RS Culture & customs

Culture & customs

The “Old New Year” – now that’s something of a riddle there!

March 2012

Every year, on the night from January 13 to January 14, Russians celebrate the so-called Old New Year – a feast that seems to be totally incomprehensible for many foreigners. Looks like no one is capable to explain in fact – what is the difference between this feast and the traditional New Year, as we know it? Naturally, it would seem a date discrepancy. And still, we tend to treat the old-style New Year as an independent holiday helping us to prolong the joy and pleasure of the winter holidays. And maybe to feel them for the first time over, - since the situations vary, - because that day is far quieter than January 1, which is drowned in hustle and bustle. For many believers the old-style New Year has a very special meaning, since they can only indulge in real celebration after the end of the Advent fast.

‘There is no such thing as a Russian who doesn’t love to travel fast’

December 2011

When there was neither the monorail nor the metro and even the automobile was a novelty, the roads were dominated by the horse.
There were all kinds of horse-drawn vehicles but they were all drawn by horses and yet people then still managed to arrange appointments and show up for them on time.

Traditional Russian Tea party

August 2011

Even the tactful Japanese probably would smirk or at the very least express puzzlement if someone told them about a ‘Traditional Russian Tea party’. And yet, it is a well known fact that Russians cannot live without tea. And today, just like in the past, Russian families will get together and sit down at a table not to have lunch or dinner but to have tea. Even coffee that has been slowly but surely making inroads onto Russian tables still has not been able to replace tea. Russians will drink tea on any occasion and with no occasion whatsoever.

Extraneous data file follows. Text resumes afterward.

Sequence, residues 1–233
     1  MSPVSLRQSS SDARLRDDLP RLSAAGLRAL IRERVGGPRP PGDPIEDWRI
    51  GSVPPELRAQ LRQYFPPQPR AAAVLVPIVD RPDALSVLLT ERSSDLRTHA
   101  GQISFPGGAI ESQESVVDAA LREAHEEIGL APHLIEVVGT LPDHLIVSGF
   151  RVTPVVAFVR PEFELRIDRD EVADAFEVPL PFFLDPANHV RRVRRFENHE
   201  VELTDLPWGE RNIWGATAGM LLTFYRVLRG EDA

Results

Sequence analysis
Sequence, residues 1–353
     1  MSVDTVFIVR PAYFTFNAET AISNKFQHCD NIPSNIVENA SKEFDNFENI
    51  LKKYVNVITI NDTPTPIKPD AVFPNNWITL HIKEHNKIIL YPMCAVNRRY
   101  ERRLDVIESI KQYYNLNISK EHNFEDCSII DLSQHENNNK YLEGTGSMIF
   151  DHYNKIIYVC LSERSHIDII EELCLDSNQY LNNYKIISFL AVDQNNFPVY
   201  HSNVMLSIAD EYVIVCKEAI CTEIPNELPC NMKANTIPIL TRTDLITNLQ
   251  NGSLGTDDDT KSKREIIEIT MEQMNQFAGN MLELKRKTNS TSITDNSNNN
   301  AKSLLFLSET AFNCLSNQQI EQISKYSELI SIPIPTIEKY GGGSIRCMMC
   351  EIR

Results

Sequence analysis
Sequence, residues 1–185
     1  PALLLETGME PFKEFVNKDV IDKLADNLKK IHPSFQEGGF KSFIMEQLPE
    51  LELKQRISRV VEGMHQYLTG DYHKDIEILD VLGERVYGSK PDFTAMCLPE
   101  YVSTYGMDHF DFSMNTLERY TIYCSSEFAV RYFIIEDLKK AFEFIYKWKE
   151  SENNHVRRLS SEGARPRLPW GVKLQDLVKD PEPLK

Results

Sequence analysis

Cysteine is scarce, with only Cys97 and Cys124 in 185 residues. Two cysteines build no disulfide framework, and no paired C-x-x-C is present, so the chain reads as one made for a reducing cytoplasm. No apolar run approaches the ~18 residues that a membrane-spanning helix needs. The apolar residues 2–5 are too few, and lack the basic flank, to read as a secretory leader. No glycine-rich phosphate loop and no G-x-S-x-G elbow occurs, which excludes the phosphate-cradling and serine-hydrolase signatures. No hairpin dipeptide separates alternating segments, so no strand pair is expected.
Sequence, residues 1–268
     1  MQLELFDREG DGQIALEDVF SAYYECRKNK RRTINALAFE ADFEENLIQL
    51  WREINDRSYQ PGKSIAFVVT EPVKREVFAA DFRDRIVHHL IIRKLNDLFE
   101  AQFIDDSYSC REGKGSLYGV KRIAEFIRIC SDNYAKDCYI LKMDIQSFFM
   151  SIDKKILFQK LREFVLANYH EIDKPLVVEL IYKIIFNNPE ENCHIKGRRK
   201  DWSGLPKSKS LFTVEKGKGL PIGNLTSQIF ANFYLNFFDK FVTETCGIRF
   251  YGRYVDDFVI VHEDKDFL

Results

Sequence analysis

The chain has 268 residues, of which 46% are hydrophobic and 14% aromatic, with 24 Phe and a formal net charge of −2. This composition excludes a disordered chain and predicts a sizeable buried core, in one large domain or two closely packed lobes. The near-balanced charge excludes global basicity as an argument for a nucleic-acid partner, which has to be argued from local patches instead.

The merry Ivan Kupala

June 2011

Kupala (Kupaila) — the summer solstice (June 21) – is the festive welcoming of the matured, grown in strength summer sun, which transforms at dawn from being Yarila, the Sun youth, into the mighty Kupaila, a manly Sun, - the god of fertility who in the pre-Christian tradition was portrayed as a man crowned with a wreath of yellow flowers.

Maslenitsa celebrations

March 2011

Maslenitsa (prior to the XVI century – the pagan feast of Komoeyditsa) is one of the major pagan festivities of the ancient Slavs, a two-week holiday marking the welcoming of Spring and the beginning of the Slavic New Year on the Vernal Equinox Day (20 or 21 March the new style), as well as the beginning of the spring season agricultural labour. The celebration of Komoyeditsa would begin a week before the Vernal Equinox Say and be over with the first week after it.